E Ferri, E Armato, D Fischetto, F Ianniello
botulinum neurotoxin, complications of surgery, conservative treatment, head and neck surgery, pharyngocutaneous fistula, sialorrhoea
E Ferri, E Armato, D Fischetto, F Ianniello. The Role Of Botulinum Toxin-A In The Treatment Of Post-Laryngectomy Pharyngocutaneous Fistula. The Internet Journal of Otorhinolaryngology. 2008 Volume 8 Number 2.
This paper describes our experience in the management of the pharyngocutaneous post-laryngectomy fistula with Botulinum neurotoxin-A injections into both parotid glands. It includes the rationale of the treatment, the physiological and pharmacological basis for this clinical application, the injection technique and the good results achieved. Our findings suggest that Botulinum neurotoxin offers a highly effective, safe and long-lasting conservative treatment in pharyngocutaneous fistula following major oncological pharyngolaryngeal surgery.
Pharyngocutaneous Fistula (PF) is the most frequent complication after major ablative pharyngolaryngeal surgery, despite improved reconstructive techniques, and occurs in 9 to 23% of cases (1). Post-surgical PFs remarkably increase the length of hospitalization and the morbidity of the patients with elevated costs.
Botulinum toxin (BTX) is a neurotoxin which selectively inhibits cholinergic neurotransmission. Because acetylcholine is the major neurotransmitter of the peripheral parasympathetic nervous system, it is possible to modulate parasympathetic stimulation by BTX.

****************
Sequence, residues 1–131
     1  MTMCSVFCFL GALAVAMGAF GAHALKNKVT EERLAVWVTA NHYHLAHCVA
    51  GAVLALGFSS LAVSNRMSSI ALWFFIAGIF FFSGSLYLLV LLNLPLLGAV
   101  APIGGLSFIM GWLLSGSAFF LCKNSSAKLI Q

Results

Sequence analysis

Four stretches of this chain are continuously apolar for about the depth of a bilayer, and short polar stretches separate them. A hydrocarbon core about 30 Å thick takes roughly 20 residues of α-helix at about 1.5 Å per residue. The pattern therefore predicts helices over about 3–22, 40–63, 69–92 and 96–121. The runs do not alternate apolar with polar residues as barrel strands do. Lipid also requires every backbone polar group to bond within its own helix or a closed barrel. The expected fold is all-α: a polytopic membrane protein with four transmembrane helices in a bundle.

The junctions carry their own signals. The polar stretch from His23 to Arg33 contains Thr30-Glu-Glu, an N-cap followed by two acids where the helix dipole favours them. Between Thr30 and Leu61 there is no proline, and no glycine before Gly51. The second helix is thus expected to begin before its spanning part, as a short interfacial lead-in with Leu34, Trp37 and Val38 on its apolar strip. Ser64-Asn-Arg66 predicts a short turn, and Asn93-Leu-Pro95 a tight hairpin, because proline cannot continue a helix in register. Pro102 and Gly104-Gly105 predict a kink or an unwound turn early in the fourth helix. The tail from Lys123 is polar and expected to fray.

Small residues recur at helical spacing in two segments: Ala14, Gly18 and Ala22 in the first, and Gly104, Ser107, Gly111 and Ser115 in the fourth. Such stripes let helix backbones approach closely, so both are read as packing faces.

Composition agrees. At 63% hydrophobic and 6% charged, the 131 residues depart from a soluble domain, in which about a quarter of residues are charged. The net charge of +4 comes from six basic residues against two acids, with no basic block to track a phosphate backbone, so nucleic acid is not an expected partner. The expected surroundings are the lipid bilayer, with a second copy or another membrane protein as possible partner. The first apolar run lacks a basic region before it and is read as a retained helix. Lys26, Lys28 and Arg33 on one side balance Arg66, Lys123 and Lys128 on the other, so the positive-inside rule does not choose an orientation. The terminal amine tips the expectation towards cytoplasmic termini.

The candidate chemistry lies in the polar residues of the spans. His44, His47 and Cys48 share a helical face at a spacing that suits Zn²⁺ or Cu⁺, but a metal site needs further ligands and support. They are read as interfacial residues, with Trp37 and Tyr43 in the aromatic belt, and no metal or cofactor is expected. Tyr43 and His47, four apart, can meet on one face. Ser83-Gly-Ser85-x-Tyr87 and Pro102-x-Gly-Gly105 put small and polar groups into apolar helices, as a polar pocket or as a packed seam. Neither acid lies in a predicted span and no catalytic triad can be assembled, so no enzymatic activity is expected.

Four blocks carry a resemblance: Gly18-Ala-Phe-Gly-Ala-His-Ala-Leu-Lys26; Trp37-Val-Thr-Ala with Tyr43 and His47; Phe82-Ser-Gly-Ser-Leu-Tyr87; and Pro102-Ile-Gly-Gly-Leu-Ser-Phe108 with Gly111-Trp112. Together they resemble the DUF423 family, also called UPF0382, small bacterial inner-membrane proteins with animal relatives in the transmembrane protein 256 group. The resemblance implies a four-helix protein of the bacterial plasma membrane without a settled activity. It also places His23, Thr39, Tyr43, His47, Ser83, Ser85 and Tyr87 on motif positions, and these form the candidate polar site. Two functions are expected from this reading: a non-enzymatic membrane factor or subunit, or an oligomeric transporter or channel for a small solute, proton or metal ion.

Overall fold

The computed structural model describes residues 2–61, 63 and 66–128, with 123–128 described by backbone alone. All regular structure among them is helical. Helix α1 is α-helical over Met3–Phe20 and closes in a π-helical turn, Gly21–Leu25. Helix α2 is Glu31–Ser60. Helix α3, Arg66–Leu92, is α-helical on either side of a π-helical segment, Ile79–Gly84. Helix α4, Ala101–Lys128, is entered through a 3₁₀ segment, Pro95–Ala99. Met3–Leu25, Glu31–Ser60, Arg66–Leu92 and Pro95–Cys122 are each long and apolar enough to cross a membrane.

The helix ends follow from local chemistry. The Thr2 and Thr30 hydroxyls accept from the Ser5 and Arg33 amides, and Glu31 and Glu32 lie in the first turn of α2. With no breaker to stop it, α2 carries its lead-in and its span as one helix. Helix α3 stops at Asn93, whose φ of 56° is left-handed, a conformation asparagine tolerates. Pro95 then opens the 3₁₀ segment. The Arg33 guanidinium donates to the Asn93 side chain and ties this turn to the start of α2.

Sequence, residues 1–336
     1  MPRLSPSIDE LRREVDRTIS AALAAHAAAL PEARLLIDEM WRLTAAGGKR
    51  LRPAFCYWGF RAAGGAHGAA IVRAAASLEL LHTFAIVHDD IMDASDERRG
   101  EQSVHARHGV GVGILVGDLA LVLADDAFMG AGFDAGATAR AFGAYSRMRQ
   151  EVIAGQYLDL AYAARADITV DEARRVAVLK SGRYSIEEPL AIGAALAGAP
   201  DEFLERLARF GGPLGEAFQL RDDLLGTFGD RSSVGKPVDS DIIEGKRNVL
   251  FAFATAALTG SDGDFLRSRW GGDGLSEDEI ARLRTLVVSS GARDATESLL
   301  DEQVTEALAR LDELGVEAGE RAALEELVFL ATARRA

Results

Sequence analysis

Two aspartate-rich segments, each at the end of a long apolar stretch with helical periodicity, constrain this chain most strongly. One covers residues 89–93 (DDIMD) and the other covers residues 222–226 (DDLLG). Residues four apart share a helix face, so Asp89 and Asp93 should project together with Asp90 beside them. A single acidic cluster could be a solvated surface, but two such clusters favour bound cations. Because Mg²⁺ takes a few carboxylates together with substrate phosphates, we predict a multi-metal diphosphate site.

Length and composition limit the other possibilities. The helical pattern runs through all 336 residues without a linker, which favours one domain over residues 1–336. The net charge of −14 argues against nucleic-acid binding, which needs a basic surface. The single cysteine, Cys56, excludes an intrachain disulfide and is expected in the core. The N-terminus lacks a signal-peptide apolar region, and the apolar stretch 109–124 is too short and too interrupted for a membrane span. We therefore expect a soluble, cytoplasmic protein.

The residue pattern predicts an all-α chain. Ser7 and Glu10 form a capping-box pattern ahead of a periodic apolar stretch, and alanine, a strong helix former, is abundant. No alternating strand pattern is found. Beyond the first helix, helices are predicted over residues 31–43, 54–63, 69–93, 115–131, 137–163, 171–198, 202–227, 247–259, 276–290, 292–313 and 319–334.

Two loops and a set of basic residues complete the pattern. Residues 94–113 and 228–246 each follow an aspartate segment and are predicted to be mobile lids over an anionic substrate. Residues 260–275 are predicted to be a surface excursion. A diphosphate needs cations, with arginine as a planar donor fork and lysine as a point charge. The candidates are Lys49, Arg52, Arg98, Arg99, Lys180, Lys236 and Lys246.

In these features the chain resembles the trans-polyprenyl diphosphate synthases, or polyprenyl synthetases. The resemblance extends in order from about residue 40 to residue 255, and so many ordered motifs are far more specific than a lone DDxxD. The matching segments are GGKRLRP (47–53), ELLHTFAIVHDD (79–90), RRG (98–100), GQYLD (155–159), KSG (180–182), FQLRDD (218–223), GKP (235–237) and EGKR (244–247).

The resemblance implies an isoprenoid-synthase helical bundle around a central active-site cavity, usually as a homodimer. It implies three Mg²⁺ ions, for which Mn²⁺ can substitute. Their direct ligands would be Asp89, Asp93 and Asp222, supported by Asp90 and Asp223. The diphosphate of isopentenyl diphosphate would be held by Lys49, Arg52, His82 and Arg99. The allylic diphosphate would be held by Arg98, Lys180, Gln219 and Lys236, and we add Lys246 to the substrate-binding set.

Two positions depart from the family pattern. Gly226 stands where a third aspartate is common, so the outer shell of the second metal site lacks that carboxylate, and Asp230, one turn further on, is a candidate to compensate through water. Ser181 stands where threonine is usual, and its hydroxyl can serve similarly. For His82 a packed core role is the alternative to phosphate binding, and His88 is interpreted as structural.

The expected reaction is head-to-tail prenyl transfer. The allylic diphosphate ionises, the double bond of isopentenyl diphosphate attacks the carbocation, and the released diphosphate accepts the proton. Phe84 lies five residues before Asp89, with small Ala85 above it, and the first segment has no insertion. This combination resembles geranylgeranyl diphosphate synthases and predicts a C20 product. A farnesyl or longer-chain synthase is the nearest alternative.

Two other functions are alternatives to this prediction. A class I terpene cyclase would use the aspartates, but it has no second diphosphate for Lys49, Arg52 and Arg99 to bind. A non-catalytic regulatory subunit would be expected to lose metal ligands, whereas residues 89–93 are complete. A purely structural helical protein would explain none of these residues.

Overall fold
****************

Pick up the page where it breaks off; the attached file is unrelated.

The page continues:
The aim of this study is to report the personal experience in the use of BTX injections into both parotid glands, performed in order to transiently reduce salivation and to lead the closure of a post-surgical PF in a patient undergoing ablative oncological surgery of the larynx.
Material And Methods
After obtaining institutional review board approval, we have performed an ultra-sound-guided injection of BTX type A into the parotid glands of a male patient aged 82 years undergoing total laryngectomy that developed post-operative a PF 12 days after surgery. A barium swallow showed a large extrapharyngeal spreading of the contrast medium, both to the left and right of the pharynx (fig.1). Despite strict nasogastric tube feeding and intensive local care, no spontaneous closure was achieved after 7 weeks. Because of the general conditions of the patient and the elevated anaesthesiologic risk we have excluded the surgical closure of PF with myocutaneous flap.
The injection was performed according to the technique of Glickman & Deaney (2) using a 21G needle that should not breach the parotid fascia (fig.2). Lyophilized BTX type A (Dysport®, Ipsen Limited, Slough, Berkshire, England) was dissolved in normal sterile saline to a final concentration of 25 mouse units (MU)/0.1 ml (fig.3). The procedure was carried out with topical anesthesia with lidocaine. The BTX was injected at two different points into each parotid gland. At each point, 50 MU of BTX were injected. The procedure was well tolerated by the patient.